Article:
Date of Award

6-2012

Degree Name

Master of Arts

Department

Psychology

First Advisor

Dr. R. Wayne Fuqua

Second Advisor

Dr. Amy Naugle

Third Advisor

Dr. C. Richard Spates

Access Setting

Masters Thesis-Open Access

Abstract

Several studies have shown that research participants who have consented to participate in a study often have limited comprehension of the information presented in the informed consent process. This study compared performance on an end-of-study consent document information retention measure between a read-and-sign consent procedure control group and an enhanced consent procedure experimental group. The enhanced consent procedure consisted of a pre-consent educational module and a question-and-answer style consent document. The control group scored an average of 78.7% correct on the multiple-choice question measure of participant retention of information contained within the consent documents. The experimental group scored an average of 92.3% on that measure, a statistically significant difference. These findings suggest that participants who experienced the enhanced consent procedure retain more information from the consent documents than those who experienced the typical consent procedure. A more highly informed participant pool may fulfill some of aspirational and ethical goals of our field but the side effects of reaching that goal are unknown.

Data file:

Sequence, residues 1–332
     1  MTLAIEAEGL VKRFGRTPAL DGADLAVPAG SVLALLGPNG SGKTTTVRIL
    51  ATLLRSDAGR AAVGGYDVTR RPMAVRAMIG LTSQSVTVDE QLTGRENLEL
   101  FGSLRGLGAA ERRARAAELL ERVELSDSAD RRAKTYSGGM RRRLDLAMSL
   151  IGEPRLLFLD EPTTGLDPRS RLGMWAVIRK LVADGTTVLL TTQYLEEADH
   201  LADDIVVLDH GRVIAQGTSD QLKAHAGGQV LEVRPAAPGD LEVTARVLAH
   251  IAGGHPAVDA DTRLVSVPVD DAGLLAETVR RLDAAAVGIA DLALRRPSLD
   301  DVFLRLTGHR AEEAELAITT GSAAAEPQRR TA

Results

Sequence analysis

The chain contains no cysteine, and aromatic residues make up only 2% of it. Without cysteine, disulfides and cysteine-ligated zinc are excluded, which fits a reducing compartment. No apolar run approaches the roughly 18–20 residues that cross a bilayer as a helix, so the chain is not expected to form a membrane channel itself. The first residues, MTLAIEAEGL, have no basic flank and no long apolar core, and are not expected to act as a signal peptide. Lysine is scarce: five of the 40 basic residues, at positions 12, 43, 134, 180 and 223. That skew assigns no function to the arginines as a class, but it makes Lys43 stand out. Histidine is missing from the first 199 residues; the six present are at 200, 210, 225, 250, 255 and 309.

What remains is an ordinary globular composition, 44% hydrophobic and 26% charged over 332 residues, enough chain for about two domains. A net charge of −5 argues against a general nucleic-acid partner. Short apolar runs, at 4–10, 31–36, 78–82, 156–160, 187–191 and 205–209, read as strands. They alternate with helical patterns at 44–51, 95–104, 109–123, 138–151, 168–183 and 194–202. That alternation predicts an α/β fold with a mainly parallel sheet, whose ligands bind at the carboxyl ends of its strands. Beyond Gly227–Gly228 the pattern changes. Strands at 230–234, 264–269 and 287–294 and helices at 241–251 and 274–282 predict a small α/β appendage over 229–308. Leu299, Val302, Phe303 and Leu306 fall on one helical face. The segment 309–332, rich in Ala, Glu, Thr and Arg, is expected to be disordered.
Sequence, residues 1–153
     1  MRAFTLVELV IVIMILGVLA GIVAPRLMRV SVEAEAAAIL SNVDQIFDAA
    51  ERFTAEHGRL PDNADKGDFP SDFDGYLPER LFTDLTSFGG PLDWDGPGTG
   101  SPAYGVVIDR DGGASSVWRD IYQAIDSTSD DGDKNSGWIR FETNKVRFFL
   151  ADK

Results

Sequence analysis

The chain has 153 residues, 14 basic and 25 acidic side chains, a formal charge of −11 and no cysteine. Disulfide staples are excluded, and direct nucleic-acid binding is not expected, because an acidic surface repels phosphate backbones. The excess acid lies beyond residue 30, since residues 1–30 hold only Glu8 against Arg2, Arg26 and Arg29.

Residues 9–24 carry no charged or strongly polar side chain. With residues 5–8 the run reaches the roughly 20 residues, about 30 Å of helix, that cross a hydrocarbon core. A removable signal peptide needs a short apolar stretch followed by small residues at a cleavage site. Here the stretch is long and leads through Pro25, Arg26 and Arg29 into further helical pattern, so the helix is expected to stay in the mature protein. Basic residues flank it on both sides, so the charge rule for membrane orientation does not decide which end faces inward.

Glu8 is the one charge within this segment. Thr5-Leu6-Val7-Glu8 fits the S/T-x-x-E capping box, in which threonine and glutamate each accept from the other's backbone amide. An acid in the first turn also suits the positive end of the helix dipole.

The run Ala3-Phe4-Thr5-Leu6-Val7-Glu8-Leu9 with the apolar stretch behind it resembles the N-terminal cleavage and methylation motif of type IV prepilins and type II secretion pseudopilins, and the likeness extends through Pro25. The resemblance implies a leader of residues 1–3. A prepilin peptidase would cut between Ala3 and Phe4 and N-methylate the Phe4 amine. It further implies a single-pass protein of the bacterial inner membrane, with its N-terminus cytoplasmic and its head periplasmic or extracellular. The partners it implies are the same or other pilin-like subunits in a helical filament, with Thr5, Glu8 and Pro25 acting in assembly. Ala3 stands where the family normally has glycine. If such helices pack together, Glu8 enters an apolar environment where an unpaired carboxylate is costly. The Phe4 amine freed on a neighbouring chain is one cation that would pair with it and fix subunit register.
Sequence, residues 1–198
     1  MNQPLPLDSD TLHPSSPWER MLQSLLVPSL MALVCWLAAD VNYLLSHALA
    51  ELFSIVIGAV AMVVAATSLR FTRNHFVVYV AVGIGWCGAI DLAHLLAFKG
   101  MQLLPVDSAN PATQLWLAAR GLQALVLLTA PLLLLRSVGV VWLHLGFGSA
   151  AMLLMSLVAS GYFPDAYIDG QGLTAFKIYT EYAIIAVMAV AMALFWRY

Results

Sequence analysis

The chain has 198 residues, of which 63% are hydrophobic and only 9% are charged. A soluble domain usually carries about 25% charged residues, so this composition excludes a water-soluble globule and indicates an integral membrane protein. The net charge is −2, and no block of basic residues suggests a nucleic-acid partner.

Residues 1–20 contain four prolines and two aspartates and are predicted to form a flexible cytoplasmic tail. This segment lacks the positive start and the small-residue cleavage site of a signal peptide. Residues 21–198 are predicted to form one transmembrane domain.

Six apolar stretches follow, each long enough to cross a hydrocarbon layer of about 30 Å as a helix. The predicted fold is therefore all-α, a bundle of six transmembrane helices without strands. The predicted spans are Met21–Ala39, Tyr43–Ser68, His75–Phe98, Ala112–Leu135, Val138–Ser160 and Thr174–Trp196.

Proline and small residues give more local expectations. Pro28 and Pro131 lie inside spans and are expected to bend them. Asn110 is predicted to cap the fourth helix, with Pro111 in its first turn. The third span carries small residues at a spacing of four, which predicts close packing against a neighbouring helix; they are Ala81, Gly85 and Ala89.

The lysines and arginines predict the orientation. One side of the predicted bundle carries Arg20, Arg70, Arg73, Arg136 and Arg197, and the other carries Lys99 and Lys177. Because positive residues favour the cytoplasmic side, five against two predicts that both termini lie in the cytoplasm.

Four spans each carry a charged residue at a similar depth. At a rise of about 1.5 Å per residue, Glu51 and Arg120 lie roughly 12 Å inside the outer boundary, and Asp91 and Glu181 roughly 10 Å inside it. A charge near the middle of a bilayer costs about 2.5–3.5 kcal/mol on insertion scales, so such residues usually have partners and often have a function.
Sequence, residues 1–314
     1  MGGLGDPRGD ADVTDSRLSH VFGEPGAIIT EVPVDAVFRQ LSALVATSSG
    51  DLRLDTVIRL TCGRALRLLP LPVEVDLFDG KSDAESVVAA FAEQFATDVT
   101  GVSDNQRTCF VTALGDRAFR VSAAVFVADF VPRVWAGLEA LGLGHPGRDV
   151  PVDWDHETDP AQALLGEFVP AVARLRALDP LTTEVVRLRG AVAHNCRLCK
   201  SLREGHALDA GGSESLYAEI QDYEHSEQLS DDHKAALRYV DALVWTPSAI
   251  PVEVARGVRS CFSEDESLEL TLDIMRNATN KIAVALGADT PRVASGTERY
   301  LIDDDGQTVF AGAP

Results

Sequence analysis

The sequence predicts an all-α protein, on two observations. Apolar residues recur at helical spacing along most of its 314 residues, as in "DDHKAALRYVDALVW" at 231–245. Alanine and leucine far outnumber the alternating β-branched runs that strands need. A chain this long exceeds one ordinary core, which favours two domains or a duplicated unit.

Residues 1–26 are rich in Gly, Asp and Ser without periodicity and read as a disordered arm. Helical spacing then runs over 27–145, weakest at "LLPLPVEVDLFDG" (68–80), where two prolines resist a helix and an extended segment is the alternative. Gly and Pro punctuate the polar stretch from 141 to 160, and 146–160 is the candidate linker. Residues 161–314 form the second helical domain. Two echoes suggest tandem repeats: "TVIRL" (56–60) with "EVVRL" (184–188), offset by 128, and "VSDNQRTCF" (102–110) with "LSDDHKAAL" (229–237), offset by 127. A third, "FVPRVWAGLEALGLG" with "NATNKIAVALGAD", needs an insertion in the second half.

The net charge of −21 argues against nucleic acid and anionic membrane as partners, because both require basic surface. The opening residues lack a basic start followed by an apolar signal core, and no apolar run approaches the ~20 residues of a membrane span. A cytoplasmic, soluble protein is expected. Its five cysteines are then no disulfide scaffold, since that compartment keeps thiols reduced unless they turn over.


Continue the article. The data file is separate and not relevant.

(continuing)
Included in

Psychology Commons

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